Newspaper article The Christian Science Monitor

A Far-Right Populist Pounds at Austria's Gates Jorg Haider - 'Hitler's Grandson' to Critics, 'Savior of the Working Class' to Supporters - Rises Fast in the Polls. Series: Europe's Angry Nationalists: Second of a Series. the First Story Appeared Yesterday

Newspaper article The Christian Science Monitor

A Far-Right Populist Pounds at Austria's Gates Jorg Haider - 'Hitler's Grandson' to Critics, 'Savior of the Working Class' to Supporters - Rises Fast in the Polls. Series: Europe's Angry Nationalists: Second of a Series. the First Story Appeared Yesterday

Article excerpt

From the point of view of personal pedigree, Jorg Haider fits the bill perfectly as leader of Austria's far-right Freedom Party. His father volunteered to be a Nazi stormtrooper, his mother was a member of the Nazi League of German Maidens, and his multimillion-dollar fortune is based on an estate confiscated from a Jewish family under Adolf Hitler's rule.

But Mr. Haider has not led his party from a 4 percent rating in the polls 10 years ago to 28 percent today just by being "Hitler's grandson," as his critics brand him. He is hammering on the gates of Austria's hidebound political system at the head of an angry army of blue-collar workers who fear they might lose their jobs, resent government corruption, and worry what economic globalization will do to their lives.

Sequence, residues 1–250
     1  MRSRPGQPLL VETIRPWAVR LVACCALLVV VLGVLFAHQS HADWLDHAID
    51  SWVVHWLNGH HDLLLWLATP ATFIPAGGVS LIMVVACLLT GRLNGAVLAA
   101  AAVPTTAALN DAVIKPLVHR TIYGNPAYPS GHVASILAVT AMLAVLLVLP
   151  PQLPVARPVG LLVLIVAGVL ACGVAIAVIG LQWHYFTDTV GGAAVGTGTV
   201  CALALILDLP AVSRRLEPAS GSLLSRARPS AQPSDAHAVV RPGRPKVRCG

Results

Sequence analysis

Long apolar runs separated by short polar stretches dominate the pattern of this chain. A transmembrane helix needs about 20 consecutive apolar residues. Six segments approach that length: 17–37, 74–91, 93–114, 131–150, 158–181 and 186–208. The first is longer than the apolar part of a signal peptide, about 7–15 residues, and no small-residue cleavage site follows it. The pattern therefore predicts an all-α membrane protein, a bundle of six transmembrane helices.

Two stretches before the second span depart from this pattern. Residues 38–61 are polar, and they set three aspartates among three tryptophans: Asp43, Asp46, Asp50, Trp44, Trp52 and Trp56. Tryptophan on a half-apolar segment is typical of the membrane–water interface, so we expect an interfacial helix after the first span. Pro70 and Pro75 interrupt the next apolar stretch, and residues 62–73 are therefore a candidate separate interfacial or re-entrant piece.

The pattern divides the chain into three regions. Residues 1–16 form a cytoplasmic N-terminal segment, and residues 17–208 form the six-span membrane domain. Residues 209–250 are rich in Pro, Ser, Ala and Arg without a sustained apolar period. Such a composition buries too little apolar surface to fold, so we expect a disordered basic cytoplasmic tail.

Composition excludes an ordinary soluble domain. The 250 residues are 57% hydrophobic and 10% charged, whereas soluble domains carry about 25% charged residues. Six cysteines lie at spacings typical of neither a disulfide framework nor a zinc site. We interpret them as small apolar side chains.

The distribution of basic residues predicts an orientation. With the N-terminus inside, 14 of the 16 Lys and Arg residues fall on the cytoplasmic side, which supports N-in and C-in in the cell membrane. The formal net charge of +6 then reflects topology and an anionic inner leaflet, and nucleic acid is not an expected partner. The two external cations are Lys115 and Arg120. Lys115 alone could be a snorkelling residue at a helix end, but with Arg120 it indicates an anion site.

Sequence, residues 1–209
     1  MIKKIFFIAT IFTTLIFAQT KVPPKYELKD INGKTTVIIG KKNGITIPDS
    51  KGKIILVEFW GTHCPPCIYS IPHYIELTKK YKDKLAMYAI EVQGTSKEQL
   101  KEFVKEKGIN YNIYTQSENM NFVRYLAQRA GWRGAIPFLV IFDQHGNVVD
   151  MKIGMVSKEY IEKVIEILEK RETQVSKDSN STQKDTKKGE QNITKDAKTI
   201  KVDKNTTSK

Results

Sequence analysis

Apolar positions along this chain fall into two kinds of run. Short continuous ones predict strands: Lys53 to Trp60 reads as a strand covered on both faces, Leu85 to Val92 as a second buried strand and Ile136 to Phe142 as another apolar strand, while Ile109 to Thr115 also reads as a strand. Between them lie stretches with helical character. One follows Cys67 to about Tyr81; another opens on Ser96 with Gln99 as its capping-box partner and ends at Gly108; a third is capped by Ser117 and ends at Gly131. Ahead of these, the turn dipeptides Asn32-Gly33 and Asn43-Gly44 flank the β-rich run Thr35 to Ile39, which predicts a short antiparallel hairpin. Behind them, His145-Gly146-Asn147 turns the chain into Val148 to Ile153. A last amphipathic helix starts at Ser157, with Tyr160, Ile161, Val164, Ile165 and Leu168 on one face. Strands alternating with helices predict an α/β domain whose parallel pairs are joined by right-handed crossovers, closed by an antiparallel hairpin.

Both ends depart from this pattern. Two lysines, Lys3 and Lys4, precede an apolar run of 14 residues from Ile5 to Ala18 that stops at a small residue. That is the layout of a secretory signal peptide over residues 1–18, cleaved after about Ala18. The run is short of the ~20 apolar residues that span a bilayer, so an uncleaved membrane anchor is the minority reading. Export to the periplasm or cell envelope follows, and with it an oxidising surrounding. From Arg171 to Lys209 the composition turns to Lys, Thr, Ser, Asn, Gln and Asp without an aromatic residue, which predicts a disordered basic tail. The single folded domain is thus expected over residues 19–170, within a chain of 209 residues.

The Freedom Party "combines traditional right-wing politics - and in Austria that includes Nazi sentiment - with a protest movement against the elitism of Austrian politics, a protest by the losers in the modernization process," says Anton Pelinka, a political analyst at Innsbruck University. "It is a catch-all party. But its most significant uniting element is xenophobia." In the small market town of Horn one recent afternoon, as Freedom Party candidate Bernhard Gratzer campaigned in the cobblestoned main square for local elections, he made antipathy toward foreigners, and a halt to immigration, his central message. "We've got the illegals coming in from the south, and the criminals coming in from the east," Mr. Gratzer told the crowd. "We say a clear 'No.' We don't need any more of them." Horn is just 20 miles from the Czech border, and since the Iron Curtain opened, Eastern Europeans have poured into Austria - legally and illegally - in search of work. Their presence has shaken the conservative Austrians, and Gratzer's speech was well received. "Border security and expanding the European Union to the East - those are my two biggest worries," says Walter Zobinger, a retired salesman in the audience who said he planned to vote for Gratzer. "A lot of Czechs and Poles come across to steal cars, and there have been a lot of break-ins where I live." The farmers making up the crowd in Horn were mostly worried that cheap agricultural imports from Eastern Europe would force their produce prices down. In Vienna and other cities, industrial workers are concerned that cheap labor from Eastern Europe will force their wages down, or even cost them their jobs. The 4.4 percent unemployment rate is low by European standards, but unusually high for Austria. A dynamic new voice Understanding those worries, and giving them voice, is Haider's great talent. Youthful and dynamic - he enjoys rock climbing and once ran the New York marathon - he communicates easily with voters, often relaxing into local dialect and making crowds laugh. In Horn recently to support Gratzer's candidacy, Haider hit another of the hot buttons that move an increasing number of Austrians - the privileges politicians have granted themselves and supporters under the country's proporz system. Since World War II, the Christian Democrats and the Socialists - currently allied in a "grand coalition" government - have divided the spoils of power in a cozy tradition of mutual back-scratching. …

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